Oral Argument And Impression Management: Harnessing The Power Of Nonverbal Persuasion For A Judicial Audience
University of Tennessee College of Law
September 19, 2008
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In essence, my article utilizes social science research on the topic of nonverbal communication in order to advance our understanding of what makes for effective oral advocacy. Currently, there are no articles that 1) give a comprehensive summary of the relevant social science research within the area of nonverbal persuasion and 2) apply that research specifically to the area of oral argument. My article attempts to fill both of these needs.
As you will see in the article, nonverbal communication goes well beyond simple hand gestures, but also encompasses how a person speaks, how a person dresses, a person’s facial expressivity, and even such things as a person’s posture and head position. Furthermore, social science research reveals that both these and other nonverbal cues can greatly impact the perceived credibility and persuasiveness of a speaker. Not only that, but in many instances, listeners tend to place even more reliance on what a speaker is saying nonverbally than the actual substance of the speaker’s presentation. Given that attorneys should seek to maximize their persuasive potential during oral argument, knowledge of this research and these various principles is essential. Section III of my article explores this research.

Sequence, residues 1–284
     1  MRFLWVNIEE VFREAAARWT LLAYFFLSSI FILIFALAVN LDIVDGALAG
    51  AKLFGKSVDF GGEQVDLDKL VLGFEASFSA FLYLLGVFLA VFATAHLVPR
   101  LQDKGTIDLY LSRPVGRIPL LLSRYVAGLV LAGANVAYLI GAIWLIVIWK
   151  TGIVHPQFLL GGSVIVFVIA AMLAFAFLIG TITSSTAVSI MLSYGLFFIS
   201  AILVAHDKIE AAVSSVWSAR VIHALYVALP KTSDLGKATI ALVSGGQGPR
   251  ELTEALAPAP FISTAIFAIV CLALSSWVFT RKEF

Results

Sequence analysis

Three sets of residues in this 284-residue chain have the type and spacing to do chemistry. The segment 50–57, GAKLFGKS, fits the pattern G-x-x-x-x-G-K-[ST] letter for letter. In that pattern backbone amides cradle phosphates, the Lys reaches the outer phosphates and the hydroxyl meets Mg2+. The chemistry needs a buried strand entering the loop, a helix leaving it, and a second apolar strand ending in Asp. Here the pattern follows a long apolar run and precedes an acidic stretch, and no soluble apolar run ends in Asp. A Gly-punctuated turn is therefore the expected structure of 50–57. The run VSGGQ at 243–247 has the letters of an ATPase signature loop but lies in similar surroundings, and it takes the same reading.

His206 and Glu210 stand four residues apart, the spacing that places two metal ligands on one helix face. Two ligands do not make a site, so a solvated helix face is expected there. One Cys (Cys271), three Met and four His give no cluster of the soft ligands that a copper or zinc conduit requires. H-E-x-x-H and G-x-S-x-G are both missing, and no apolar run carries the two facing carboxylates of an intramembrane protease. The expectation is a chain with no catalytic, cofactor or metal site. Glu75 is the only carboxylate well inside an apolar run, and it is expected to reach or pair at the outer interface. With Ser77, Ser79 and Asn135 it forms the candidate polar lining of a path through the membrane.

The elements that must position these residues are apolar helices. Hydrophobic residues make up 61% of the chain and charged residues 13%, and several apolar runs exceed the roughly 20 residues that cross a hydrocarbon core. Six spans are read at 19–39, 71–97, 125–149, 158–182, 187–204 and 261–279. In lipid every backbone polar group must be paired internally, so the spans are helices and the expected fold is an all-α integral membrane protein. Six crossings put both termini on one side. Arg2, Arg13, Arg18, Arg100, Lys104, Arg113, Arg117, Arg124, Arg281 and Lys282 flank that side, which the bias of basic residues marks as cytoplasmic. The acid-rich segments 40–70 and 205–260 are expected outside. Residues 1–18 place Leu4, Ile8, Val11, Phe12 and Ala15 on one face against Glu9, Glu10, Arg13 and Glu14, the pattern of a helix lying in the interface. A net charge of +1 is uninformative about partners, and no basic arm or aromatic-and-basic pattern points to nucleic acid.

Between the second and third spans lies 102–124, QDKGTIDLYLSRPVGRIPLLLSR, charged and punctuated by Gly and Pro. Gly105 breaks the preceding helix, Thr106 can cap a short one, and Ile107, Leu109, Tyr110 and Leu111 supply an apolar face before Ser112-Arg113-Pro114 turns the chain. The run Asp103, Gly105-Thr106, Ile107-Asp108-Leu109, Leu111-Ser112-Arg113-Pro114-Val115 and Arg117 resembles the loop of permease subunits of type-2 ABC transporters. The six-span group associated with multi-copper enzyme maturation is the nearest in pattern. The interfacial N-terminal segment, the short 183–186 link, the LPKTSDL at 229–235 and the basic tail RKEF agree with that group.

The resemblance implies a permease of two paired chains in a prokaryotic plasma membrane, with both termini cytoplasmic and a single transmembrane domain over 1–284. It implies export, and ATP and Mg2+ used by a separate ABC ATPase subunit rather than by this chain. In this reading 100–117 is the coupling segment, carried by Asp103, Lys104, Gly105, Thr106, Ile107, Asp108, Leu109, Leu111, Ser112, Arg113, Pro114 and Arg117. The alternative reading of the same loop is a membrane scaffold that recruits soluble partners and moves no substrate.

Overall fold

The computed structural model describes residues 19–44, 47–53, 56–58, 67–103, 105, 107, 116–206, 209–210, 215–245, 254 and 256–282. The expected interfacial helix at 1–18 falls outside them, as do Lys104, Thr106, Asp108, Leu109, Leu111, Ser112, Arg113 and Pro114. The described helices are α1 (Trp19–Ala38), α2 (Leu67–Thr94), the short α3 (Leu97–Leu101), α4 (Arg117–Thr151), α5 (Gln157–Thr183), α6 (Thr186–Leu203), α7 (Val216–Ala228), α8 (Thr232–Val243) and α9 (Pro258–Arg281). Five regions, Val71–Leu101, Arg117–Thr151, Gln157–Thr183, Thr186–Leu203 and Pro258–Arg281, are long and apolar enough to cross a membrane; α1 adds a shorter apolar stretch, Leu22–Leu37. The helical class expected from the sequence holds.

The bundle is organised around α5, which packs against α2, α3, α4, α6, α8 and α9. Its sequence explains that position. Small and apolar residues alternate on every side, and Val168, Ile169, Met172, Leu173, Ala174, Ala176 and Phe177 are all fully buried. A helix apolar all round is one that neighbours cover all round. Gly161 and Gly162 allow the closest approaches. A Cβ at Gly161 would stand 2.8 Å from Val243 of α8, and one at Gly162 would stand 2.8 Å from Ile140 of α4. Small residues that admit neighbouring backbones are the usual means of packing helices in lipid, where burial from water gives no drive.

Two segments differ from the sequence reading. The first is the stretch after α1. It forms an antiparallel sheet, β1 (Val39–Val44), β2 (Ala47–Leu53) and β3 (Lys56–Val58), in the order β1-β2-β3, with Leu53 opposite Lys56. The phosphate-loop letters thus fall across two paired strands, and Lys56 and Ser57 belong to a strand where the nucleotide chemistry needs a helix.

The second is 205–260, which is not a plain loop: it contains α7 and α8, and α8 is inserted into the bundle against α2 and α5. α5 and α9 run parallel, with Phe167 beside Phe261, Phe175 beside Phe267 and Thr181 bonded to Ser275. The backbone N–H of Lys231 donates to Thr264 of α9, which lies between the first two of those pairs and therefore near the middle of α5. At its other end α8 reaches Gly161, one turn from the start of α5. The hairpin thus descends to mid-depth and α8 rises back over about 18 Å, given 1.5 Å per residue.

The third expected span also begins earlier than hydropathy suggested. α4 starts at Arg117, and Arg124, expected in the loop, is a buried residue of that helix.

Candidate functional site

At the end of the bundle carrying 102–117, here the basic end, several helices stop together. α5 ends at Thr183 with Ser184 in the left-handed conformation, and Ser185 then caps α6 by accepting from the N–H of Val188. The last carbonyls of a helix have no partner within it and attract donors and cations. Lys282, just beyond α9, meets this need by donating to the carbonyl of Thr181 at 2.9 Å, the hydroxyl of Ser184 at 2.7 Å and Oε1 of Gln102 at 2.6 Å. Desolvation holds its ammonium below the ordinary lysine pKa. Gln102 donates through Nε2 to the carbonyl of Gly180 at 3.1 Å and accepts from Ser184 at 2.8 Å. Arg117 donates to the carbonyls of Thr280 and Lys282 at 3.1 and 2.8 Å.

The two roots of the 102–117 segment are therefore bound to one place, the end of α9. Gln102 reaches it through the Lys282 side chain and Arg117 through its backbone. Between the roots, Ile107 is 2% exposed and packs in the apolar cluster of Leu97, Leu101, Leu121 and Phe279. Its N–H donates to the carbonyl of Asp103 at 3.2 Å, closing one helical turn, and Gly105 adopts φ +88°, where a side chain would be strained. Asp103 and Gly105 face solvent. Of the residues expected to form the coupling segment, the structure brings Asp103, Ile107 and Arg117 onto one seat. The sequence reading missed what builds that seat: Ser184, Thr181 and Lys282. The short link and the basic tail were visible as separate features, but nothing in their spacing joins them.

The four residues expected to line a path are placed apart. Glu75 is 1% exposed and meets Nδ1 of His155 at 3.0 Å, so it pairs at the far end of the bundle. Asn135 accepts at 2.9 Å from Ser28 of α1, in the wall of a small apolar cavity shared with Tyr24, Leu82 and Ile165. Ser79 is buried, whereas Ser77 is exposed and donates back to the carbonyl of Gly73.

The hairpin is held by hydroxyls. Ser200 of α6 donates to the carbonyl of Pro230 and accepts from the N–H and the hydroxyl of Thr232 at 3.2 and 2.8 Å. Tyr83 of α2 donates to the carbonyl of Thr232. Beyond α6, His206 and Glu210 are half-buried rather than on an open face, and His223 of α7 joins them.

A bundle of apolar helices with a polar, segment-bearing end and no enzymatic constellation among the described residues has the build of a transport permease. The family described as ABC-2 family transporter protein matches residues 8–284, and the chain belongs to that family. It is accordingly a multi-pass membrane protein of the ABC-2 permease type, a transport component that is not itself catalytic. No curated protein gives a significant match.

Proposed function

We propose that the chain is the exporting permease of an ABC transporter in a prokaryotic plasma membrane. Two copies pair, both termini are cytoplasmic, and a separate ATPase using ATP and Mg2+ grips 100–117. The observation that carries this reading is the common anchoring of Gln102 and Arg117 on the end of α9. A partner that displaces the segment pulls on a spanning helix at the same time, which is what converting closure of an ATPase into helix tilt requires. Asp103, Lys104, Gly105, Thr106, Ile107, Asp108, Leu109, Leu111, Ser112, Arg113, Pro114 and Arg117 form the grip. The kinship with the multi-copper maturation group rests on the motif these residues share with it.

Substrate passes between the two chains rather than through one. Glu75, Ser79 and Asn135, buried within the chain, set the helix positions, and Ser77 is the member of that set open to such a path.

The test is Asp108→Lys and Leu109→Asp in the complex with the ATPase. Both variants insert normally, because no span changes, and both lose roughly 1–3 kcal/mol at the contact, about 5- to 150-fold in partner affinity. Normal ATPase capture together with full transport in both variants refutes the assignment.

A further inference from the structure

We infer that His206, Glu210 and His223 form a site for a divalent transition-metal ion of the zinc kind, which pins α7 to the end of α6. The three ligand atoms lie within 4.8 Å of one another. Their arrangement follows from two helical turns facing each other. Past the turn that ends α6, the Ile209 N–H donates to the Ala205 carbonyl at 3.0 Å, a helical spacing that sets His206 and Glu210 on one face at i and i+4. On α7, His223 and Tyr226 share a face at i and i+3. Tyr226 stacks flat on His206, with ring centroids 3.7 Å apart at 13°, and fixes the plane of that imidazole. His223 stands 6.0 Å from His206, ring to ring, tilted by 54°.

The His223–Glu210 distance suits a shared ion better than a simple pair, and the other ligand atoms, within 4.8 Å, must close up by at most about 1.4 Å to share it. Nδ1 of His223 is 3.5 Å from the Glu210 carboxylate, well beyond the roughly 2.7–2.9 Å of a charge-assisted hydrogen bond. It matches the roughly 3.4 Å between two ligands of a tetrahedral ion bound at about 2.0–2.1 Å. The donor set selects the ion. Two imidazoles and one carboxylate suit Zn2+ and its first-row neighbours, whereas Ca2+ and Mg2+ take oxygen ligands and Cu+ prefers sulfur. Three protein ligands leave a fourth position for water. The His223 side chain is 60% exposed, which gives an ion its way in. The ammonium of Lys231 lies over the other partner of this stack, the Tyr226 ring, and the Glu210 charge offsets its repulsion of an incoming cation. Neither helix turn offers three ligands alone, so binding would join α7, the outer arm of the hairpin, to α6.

Of course, what makes nonverbal persuasion somewhat different for oral advocates comes from the fact that the attorney is directing his argument not to a jury, but to a judge. As my article details, one of the ways a speaker nonverbally increases his ability to persuade is by employing nonverbal cues that enhance the speaker’s perceived dominance. When appearing before a judge, however, the attorney must keep in mind that 1) it is the judge who is most dominant and 2) the judge expects nonverbal cues from the attorney that the attorney understands this hierarchy. Again using social science research, Section IV of my article explores this balancing act between dominance and submission and offers concrete advice on how oral advocates can navigate that somewhat thorny issue.